• Loops of the first polygon are stored first, loops of the second polygon are stored next, and so on.
• Loops in individual polygons are sorted from the lowest vertex index to the highest.

We can represent the loops as an ordered pair $(x, y)$ where $x$ is index of the polygon it is part of and $y$ is the index of the vertices that it is composed of, and the set of ordered pairs for quadrilateral mesh will be:

\begin{aligned} &(0, 0), (0, 1), (0, 2), (0, 3),\\ &(1, 0), (1, 1), (1, 2), (1, 3),\\ &(2, 0), (2, 1), (2, 2), (3, 3),\\ &(3, 0), (3, 1), (3, 2), (3, 3),\\ &\dots \end{aligned}

To understand this better, we drew the indices of the loops over the study case :

Coloring Polygons

In order to color polygons with flat colors, we have to color all loops in a polygon with the same color, in the above case, in order to color the polygon with index zero, we will have to color indices $(0, 1, 2, 3)$, to color the polygon with index one, we will have to color indices $(4, 5, 6, 7)$, and so on. Notice that the indices are in the pattern $(0, 1, 2, \dots)$, grouped in groups of length equal to the number of vertices of the polygon, so all we have to do is generate a list such that the first $n$ number of colors are the color of the first polygon where $n$ is the number of vertices in the first polygons, the second $n$ number of colors are the color of the second polygon where $n$ is the number of vertices in the second polygons and so on. In practice, we loop (iterate) over polygons, get the number of vertices in it ($n$), get its color from the color list, append it to an initially empty list $n$ number of times. An implementation in animation nodes is as follows:

Don't worry about the Set Vertex Color Subprogram, we will study it in a second. Notice that we used the polygon normals as colors in here. Also, we represent colors using 3D vectors; because they in fact are (Vertex Color doesn't support Alpha Channel).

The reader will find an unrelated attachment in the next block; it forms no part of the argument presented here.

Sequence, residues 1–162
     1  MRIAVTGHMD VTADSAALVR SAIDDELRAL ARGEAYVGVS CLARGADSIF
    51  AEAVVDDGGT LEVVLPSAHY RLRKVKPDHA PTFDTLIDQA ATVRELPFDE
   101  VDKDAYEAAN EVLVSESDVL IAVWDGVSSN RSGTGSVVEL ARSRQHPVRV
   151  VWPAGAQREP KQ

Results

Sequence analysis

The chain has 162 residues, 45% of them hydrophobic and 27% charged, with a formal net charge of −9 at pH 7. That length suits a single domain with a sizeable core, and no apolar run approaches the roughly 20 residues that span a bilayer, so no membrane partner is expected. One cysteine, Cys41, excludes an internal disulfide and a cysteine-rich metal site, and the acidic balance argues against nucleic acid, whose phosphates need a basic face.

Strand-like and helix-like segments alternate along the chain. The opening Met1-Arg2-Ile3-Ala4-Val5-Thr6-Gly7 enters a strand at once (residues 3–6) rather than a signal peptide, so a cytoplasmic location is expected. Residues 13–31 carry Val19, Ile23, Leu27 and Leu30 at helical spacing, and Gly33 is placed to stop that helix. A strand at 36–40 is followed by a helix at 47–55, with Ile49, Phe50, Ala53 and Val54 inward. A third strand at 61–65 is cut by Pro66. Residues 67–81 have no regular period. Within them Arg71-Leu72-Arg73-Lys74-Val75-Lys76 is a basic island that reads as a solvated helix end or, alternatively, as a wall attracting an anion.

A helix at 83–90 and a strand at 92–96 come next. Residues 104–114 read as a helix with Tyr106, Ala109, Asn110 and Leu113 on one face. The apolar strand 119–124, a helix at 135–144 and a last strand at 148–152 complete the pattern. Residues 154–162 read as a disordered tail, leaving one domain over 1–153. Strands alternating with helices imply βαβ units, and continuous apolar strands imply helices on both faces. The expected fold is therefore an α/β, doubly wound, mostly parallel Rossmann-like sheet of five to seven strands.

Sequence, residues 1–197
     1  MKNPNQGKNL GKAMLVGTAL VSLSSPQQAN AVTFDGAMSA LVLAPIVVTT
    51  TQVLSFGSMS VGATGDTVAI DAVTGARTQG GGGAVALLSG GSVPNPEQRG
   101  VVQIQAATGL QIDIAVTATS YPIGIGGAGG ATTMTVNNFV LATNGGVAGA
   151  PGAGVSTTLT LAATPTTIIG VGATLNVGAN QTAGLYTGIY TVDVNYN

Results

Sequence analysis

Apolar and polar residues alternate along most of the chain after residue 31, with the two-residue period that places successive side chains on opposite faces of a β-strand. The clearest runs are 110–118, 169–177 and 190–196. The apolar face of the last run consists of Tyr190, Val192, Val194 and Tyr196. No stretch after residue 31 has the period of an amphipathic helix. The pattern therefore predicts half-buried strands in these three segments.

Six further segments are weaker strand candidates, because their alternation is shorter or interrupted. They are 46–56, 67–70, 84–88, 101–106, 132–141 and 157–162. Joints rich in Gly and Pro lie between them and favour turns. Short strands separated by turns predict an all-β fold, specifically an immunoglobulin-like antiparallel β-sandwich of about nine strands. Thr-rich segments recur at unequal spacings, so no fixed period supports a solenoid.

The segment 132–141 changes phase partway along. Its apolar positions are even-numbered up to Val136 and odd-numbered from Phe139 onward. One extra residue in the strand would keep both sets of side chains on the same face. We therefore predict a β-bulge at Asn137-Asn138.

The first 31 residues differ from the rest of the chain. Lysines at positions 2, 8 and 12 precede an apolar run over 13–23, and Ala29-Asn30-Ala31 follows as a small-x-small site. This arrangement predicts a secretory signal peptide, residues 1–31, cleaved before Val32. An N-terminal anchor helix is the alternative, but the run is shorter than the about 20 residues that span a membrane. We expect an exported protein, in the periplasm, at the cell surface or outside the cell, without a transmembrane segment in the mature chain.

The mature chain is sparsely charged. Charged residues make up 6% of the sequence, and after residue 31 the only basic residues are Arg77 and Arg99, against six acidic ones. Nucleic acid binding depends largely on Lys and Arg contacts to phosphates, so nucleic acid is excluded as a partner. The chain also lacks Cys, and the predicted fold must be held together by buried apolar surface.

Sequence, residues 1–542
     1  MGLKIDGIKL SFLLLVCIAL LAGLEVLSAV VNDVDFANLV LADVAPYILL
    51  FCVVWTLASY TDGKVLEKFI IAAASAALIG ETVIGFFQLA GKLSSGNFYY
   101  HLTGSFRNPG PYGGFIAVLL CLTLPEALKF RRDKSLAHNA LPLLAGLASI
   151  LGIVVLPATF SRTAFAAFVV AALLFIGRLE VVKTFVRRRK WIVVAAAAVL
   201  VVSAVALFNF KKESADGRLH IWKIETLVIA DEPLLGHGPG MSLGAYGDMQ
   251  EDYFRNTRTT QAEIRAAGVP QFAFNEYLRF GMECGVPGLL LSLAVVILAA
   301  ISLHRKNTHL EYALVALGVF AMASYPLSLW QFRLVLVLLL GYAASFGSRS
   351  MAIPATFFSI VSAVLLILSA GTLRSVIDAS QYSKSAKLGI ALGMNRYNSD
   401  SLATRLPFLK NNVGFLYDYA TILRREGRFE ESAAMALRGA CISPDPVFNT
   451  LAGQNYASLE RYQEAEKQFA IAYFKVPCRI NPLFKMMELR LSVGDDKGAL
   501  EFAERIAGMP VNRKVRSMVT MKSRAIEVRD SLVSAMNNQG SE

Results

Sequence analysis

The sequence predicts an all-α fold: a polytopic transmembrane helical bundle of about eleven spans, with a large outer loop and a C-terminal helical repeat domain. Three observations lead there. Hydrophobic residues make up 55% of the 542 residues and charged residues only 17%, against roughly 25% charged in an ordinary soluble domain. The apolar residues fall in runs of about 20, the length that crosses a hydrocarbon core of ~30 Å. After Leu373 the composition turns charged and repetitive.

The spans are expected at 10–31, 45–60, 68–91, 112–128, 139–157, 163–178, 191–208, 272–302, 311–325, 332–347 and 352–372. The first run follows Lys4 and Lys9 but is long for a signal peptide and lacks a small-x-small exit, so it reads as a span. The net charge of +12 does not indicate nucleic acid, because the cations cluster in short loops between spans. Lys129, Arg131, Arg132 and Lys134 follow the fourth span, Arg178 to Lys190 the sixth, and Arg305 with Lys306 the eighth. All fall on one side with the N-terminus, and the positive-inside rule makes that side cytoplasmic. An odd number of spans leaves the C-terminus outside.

Coloring Vertices

Vertices coloring is a bit harder to understand but easy nonetheless. Lets look at the study case one more time:

Remember that in order to color vertices, we have to color all loops that compose that vertex, in the above case, $(0, 4, 8)$ should have the color of the vertex at index zero, $(1, 5)$ should have the color of the vertex at index one, and so on. Notice that polygons are merely an indicator of which vertices are in each polygon, now remember that loops are stored in the same order of polygons, so the algorithm for generating the loops colors is as easy as looping (iterating) over polygons, using the indices of the polygon to get the colors at the same indices, append the colors. Take your time to understand it, you will only understand it if you think about it. An implementation in animation nodes is as follows:

Notice that we use the vertices normals as colors in this example.

Set Vertex Color

Animation Nodes currently does not have a node to set vertex colors directly, so we will have to write a small script to do that, a possible way to do it is as follows:

#Create a vertex color map named "Normals" if it is not already created.
if "Normals" in Object.data.vertex_colors:
map = Object.data.vertex_colors["Normals"]
else:
map = Object.data.vertex_colors.new("Normals")

#Loop over Colors and assign them to the vertex color map.
for i, color in enumerate(Colors):
map.data[i].color = color


The script creates a vertex color layer named Normals which is then filled with the data from the Colors list, the Colors list is a 3D Vector list of $n$ Vectors, where $n$ is the number of loops in the mesh.

But wait, there are some things to take care of. Blender only store the colors in the interval $[0, 1]$, but our vectors are signed, ideally in the interval $[-1, 1]$ if normalized. This can be handled by linearly remapping the $[-1, 1]$ interval to the interval $[0, 1]$ in Animation Nodes, then in cycles use the inverse remapping function to transfer the vectors back to the interval $[-1, 1]$. The remapping function can simply be $\frac{V + I}{2}$ where $I$ is the identity vector matrix, and the inverse remapping function will be $2(V - I)$. Notice that $V$ has to be normalized, because while Animation Nodes doesn't care about the magnitude of the normals, cycles does, and will yield unexpected results if not handed normalized vectors. Moreover, normalization has to be done in Animation Nodes due to the assumption we made that the vectors are indeed normalized in the remapping function.